Optical Spectra Overview

SDSS-I/BOSS/SEGUE/SEQUELS Optical Spectra

Quick Look view of the host galaxy of supernova 2011V (<a href="http://adsabs.harvard.edu/abs/2012A%26A...544A..81H">Hakobyan et al. 2012</a>). Click on the image to go to the Quick Look tool.
Quick Look view of the host galaxy of supernova 2011V (Hakobyan et al. 2012). Click on the image to go to the Quick Look tool.

Data Release 13 includes the complete dataset of optical spectroscopy of the Sloan Digital Sky Survey through July 2015 – more than four million spectra. DR13 includes all data from the Baryon Oscillation Spectroscopic Survey (BOSS) (a total of 1.5 million galaxy spectra at redshifts 0.15 < z < 0.7 and quasar spectra at z > 2.0), and also data collected by the Sloan Extended Quasar, ELG, and LRG Survey (SEQUELS). DR13 also features catalogs of galaxy parameters estimated in various ways.

DR13 also includes all spectra and derived stellar parameters measured by the Sloan Extension for Galactic Understanding and Exploration (SEGUE) , as well as all the spectra of the original Sloan Digital Sky Survey.

The extended Baryon Oscillation Spectroscopic Survey (eBOSS) is observing luminous red galaxies (LRG), quasars and emission line galaxies (ELG) at redshifts 0.7 < z < 2.0, to fill the redshift gap of BOSS. These spectra will be made publicly available in future data releases.

SkyServer

The quickest way to view SDSS spectroscopic data is the SkyServer Quick Look tool. Quick Look shows an image and spectrum for all sky objects for which the SDSS has measured a “science primary” spectrum. The tool also shows the object’s spectroscopic classification (star/galaxy/quasar) and redshift, and gives links to further data, including the spectrum as a FITS file.

All spectroscopic catalog data is available through the search tools of SkyServer. The Spectroscopic Query Form lets you search for spectroscopic catalog objects by position, spectral classification, redshift, and other constraints in spectroscopy and imaging. SQL Search lets you create your own search; see the SkyServer SQL Tutorial to learn how to write SQL queries.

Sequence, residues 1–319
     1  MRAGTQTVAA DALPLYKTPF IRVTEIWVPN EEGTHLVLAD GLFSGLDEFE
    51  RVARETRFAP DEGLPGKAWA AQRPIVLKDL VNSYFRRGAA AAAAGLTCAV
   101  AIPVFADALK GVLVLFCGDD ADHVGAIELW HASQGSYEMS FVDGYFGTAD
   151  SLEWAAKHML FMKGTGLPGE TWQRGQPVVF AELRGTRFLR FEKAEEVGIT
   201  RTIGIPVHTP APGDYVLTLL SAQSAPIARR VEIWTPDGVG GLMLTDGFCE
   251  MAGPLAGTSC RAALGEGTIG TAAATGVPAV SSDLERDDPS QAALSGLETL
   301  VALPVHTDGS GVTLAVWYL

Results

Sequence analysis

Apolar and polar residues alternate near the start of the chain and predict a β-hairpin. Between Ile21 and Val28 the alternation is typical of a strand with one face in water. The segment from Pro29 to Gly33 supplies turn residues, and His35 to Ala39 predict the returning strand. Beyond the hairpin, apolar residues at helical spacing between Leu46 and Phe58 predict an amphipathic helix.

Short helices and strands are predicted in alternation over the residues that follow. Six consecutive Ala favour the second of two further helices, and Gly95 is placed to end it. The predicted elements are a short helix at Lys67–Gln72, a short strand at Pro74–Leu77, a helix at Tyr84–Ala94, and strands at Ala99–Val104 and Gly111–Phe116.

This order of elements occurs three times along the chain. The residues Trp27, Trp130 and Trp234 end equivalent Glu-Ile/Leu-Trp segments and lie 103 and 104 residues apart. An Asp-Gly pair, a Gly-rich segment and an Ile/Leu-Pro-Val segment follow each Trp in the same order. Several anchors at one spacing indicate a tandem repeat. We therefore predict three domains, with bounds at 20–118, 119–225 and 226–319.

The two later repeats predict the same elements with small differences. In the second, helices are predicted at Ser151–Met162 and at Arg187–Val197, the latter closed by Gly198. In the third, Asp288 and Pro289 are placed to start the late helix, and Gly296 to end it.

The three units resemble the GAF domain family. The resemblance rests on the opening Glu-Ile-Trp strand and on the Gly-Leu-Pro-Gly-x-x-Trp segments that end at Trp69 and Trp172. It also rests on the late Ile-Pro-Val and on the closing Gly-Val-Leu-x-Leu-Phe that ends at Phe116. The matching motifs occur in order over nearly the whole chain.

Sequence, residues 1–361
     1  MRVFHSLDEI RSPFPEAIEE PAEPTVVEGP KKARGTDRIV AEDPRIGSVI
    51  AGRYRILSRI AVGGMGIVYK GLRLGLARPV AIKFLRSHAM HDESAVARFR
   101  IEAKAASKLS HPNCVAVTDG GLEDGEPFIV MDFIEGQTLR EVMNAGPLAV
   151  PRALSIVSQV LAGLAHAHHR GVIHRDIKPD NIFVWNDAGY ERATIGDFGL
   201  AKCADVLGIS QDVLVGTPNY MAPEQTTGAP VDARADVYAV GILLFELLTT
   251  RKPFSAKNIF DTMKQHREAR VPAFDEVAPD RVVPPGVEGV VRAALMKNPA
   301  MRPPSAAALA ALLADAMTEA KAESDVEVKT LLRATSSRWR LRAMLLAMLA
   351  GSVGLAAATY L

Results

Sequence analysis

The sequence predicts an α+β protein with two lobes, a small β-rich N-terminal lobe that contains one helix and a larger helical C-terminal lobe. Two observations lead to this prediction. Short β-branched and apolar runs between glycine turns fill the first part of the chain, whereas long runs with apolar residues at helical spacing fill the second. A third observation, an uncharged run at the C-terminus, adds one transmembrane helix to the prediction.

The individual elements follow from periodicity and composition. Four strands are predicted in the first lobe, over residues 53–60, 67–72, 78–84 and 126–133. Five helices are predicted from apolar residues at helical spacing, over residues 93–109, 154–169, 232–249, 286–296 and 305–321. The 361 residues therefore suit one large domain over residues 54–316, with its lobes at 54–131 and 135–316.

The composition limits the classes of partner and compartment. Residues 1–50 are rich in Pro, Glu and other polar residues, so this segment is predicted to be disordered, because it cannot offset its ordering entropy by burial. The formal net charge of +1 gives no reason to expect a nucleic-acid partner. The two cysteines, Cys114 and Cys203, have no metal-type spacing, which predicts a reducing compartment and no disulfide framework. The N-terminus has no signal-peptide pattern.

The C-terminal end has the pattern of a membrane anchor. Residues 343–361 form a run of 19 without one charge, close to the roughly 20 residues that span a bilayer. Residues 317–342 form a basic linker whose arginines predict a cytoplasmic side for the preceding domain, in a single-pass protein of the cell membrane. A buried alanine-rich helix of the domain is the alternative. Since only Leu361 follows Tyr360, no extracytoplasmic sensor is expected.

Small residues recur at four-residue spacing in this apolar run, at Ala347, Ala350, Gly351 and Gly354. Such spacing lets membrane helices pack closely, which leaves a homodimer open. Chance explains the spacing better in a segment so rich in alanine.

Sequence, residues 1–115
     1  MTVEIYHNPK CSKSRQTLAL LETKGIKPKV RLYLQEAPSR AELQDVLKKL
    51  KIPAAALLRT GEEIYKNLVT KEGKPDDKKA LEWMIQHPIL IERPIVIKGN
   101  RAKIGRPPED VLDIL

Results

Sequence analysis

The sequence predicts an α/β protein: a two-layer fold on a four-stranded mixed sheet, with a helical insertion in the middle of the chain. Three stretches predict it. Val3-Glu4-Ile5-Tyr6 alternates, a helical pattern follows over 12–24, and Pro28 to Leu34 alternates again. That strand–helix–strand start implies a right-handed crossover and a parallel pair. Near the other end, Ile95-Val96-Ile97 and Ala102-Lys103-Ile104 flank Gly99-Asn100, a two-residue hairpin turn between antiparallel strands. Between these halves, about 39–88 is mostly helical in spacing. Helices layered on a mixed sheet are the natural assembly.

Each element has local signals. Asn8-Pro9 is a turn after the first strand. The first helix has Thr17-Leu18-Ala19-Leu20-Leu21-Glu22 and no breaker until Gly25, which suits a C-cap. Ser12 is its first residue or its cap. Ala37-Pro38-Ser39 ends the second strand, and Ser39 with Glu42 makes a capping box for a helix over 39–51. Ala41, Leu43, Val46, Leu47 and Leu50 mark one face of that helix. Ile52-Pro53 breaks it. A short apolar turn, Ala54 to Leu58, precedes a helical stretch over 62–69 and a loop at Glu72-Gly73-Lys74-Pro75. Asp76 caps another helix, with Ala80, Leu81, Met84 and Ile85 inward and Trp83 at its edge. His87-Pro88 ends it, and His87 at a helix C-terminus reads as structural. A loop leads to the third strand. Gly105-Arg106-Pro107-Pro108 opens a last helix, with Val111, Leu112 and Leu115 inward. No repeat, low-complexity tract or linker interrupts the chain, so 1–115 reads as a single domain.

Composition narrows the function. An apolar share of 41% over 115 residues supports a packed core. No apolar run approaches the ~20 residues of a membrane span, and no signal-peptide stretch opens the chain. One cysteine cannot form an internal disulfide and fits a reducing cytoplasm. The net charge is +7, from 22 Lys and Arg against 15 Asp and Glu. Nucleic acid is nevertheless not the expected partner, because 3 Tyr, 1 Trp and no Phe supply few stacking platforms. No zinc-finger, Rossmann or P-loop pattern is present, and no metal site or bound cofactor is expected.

CasJobs

An even more flexible and powerful interface is CasJobs, which allows you to save and analyze all your search results.

Science Archive Server

In addition to spectroscopic catalog data, SDSS also makes all its spectra available as FITS files through the Science Archive Server, which can return FITS spectra either individually or in bulk. To learn how to work with SDSS FITS spectra, see Understanding SDSS spectroscopic data.

More information about SDSS spectra

These pages describe how to use SDSS spectroscopic data. Use the links below (echoed on the left sidebar menu on each page) to learn more.

Understanding SDSS spectra:
describes how SDSS spectroscopic data are organized, and the various spectroscopic observing programs that compose the full SDSS.
Pipeline:
describes the steps in
the spectroscopic data processing, and the files created at each step.
Available data:
describes in detail what spectroscopic data products are available through the Science Archive Server and SkyServer.
Target flags:
describes how to track the way in which a spectrum was chosen (targeted) for spectroscopic follow-up.
Spectroscopic catalogs:
describes the parameters available in SDSS spectroscopic catalogs, such as redshifts and classifications.
Galaxies:
describes additional galaxy parameters calculated from SDSS spectra.
Stars (SSPP):
describes the SEGUE Stellar Parameter Pipeline, which estimates stellar atmospheric parameters, and how to use SSPP data.
SEGUE SQL cookbook:
describes getting stellar parameters out of the SQL database, with examples.
Caveats:
describes some important caveats in using SDSS spectroscopic data, including how to check data quality.

To learn how the SDSS chose objects for spectroscopic observation, see the SDSS Target Selection pages.